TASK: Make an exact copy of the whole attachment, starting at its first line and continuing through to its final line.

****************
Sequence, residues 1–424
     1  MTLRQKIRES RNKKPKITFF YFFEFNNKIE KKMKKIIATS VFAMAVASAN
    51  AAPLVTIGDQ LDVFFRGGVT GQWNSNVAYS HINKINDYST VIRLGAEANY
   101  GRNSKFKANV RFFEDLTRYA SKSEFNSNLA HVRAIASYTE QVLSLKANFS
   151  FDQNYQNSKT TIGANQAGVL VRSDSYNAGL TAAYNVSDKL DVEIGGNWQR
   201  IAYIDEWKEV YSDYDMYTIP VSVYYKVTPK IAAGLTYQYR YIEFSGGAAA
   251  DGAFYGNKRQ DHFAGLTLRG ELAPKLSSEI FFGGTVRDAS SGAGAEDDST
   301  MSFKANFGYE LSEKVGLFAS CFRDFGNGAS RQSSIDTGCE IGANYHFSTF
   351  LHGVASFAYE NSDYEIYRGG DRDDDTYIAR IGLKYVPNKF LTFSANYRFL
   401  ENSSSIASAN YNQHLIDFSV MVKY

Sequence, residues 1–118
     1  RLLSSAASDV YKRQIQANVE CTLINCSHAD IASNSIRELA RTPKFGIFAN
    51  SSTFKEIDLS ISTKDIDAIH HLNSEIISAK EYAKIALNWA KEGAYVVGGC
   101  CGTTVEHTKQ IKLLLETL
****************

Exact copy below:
Sequence, residues 1–424
     1  MTLRQKIRES RNKKPKITFF YFFEFNNKIE KKMKKIIATS VFAMAVASAN
    51  AAPLVTIGDQ LDVFFRGGVT GQWNSNVAYS HINKINDYST VIRLGAEANY
   101  GRNSKFKANV RFFEDLTRYA SKSEFNSNLA HVRAIASYTE QVLSLKANFS
   151  FDQNYQNSKT TIGANQAGVL VRSDSYNAGL TAAYNVSDKL DVEIGGNWQR
   201  IAYIDEWKEV YSDYDMYTIP VSVYYKVTPK IAAGLTYQYR YIEFSGGAAA
   251  DGAFYGNKRQ DHFAGLTLRG ELAPKLSSEI FFGGTVRDAS SGAGAEDDST
   301  MSFKANFGYE LSEKVGLFAS CFRDFGNGAS RQSSIDTGCE IGANYHFSTF
   351  LHGVASFAYE NSDYEIYRGG DRDDDTYIAR IGLKYVPNKF LTFSANYRFL
   401  ENSSSIASAN YNQHLIDFSV MVKY

Sequence, residues 1–118
     1  RLLSSAASDV YKRQIQANVE CTLINCSHAD IASNSIRELA RTPKFGIFAN
    51  SSTFKEIDLS ISTKDIDAIH HLNSEIISAK EYAKIALNWA KEGAYVVGGC
   101  CGTTVEHTKQ IKLLLETL